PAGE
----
Does Wasp Spray Kill Carpenter Bees?

Carpenter bees are a type of bee that’s responsible for the most serious damage to wood in North America. They’re often confused with other large, stinging insect species like yellow jackets or bumblebees, and you may have questions about how to get rid of them.

Wasp sprays can kill carpenter bees. It can be used to kill these little bugs through asphyxiation, but it’s important to note that not all wasp sprays are created equal. While some may contain harmful chemicals like pyrethrins or permethrin, others are made from natural ingredients like vegetable oil and water.

This article will answer some commonly asked questions about carpenter bees. We’ll also discuss how to use wasp spray and other types of sprays to safely kill these pests before they destroy your home or business.

Does wasp spray kill carpenter bees?

If you have carpenter bees and want to know if wasp spray will kill them, the answer is yes! Wasp spray is a great way to get rid of carpenter bees and prevent them from coming back. You can use wasp spray indoors or outdoors, depending on where your carpenter bee problem is.

The reason that wasp spray is so effective against carpenter bees is that it contains pyrethrum. This natural substance can kill insects and other pests without harming humans or pets. It’s also non-toxic, which means you don’t have to worry about any harmful side effects from using it around your home or yard.

How does wasp spray kill carpenter bees?

Carpenter bees are social insects, so it’s important to eliminate their nests. If you can find the nest and spray it directly with insecticide, this will kill a large number of carpenter bees.

If you don’t know where the nest is, spraying around your house will also kill some carpenter bees but not all of them. They’ll be confused by the scent of wasp spray and may not return to their nest for a few days or longer. This gives you time to find the nest and destroy it before they return in force!

The best way to kill carpenter bees is by using insecticides. You can use either a spray or dust, but make sure that the product you choose is labeled for carpenter bees.

Will WD-40 kill carpenter bees?

WD-40 can kill carpenter bees, but it’s not the best insecticide for the job. It will kill some bees, but if you’re looking to get rid of carpenter bees quickly and efficiently, WD-40 isn’t your best bet. However, there are other types of spraying products that will work better than WD-40.

Instead, try a spray or dust insecticide that’s labeled for carpenter bees. You can find these products at most hardware stores or online.

How destructive are carpenter bees?

For the most part, carpenter bees are not aggressive and will only sting you if you threaten them or their nest. They do not eat wood, so they don’t cause any structural damage to your home.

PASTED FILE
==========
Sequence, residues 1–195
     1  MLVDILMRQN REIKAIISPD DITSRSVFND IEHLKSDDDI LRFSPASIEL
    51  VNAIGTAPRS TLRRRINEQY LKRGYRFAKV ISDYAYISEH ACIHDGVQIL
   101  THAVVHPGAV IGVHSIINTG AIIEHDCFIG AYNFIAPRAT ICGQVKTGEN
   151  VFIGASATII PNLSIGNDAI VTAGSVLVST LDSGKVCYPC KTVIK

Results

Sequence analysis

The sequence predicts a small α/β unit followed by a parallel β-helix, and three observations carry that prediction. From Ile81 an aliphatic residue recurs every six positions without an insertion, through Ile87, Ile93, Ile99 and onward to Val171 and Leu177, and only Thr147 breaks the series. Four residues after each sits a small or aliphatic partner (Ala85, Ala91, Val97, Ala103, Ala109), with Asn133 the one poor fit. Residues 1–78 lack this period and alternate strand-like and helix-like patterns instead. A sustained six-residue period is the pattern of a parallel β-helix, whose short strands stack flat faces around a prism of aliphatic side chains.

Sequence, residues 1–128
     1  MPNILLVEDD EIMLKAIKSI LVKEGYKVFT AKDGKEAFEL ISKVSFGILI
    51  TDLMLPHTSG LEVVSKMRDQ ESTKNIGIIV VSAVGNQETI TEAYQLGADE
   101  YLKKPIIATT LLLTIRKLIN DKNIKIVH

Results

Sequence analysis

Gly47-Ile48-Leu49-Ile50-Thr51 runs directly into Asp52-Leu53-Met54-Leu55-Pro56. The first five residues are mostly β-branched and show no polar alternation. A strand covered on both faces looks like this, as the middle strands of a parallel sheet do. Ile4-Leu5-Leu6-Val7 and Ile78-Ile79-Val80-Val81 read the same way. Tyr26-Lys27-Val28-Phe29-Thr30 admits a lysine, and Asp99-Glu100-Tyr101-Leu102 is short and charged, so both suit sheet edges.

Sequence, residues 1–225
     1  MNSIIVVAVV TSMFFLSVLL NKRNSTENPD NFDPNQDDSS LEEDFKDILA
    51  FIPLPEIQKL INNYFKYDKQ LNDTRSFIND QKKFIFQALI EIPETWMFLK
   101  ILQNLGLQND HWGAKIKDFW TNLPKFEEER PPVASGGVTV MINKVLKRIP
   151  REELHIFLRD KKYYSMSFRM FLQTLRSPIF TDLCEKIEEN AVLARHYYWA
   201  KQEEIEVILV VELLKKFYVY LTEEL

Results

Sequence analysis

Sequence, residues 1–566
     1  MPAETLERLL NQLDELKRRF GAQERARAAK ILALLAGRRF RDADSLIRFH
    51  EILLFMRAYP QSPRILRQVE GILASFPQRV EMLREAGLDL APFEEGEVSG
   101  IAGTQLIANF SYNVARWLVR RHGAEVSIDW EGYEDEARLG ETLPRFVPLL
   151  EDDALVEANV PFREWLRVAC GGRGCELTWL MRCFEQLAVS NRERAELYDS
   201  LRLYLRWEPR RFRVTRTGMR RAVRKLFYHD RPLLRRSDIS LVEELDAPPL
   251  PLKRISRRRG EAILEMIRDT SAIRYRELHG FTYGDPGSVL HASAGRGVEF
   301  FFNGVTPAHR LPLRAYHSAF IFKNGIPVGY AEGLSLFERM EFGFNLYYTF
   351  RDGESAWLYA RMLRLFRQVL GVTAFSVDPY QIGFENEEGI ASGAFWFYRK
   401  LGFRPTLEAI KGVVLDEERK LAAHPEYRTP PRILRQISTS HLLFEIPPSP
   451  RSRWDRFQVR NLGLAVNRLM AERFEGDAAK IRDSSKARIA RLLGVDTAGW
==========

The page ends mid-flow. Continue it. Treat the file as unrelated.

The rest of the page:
If you see a carpenter bee flying around your house, it may be looking for a place to start its new home — but as long as your house is well built and has no holes in it that could be used as nesting sites, there isn’t much chance of being bothered by carpenter bees.

How to safely kill carpenter bees?

There are a few steps you can take to safely kill carpenter bees.

  • Keep children and pets away from the area where you are spraying. They could get stung.
  • Wear protective gear, such as gloves and goggles, when spraying your nest to avoid getting stung yourself. If you can’t find any protective gear, cover up with long sleeves and pants before going near the nest or sprayer.
  • Use a hand pump sprayer instead of aerosol cans if possible because they contain more product and will last longer than an aerosol can would in this situation (spraying carpenter bee nests). Another option is using a hose-end sprayer; it’s easier to control how much of the product gets sprayed out at once when using this method rather than holding down the trigger button continuously until all of the wasp spray has been used up (which could take hours depending on how large your nest is).
  • Spray from a distance—at least 10 feet away—so that there’s less chance for accidentally getting stung by one of these pests while trying to kill them off!

What other sprays can I use to kill carpenter bees?

When it comes to carpenter bees, WD-40 is not the answer. If you’re looking for a natural way to get rid of these pests, we recommend using products that are safe around children and pets—and non-toxic in general.

Some options include:

  • Insecticides containing pyrethrins (Pyganic Natural Insecticide), bifenthrin (Talstar P) or lambda-cyhalothrin (Scimitar). These sprays work quickly and can kill bees on contact or by ingestion; however, they do tend to have an odor that may be unpleasant for those sensitive to smells. Pyganic is also available as a dust formulation if you want something less messy.
  • Orthene 0.5% dust—the active ingredient in this product kills carpenter bees when ingested or contacted on their bodies directly; however, it should be noted that some people have reported cases where wasps have been able to withstand treatment with this chemical due to its relatively low concentration level compared with other insecticides like Cyper WP which contain 2% permethrin instead.
  • Another option for treating carpenter bee nests is to use Tempo Dust, which is available at many garden supply stores. These dusts work by contact; they do not kill the bees on contact like sprays can, but instead need to be ingested or contacted directly by their bodies in order to take effect.


As you can see, there are a number of sprays that can kill carpenter bees. The most effective way to get rid of them is by spraying the nest directly with wasp spray or WD-40 and then waiting for the bees to die. 

However, if you don’t want to use any chemicals then another alternative would be natural essential oils like peppermint oil which repels insects away from your home.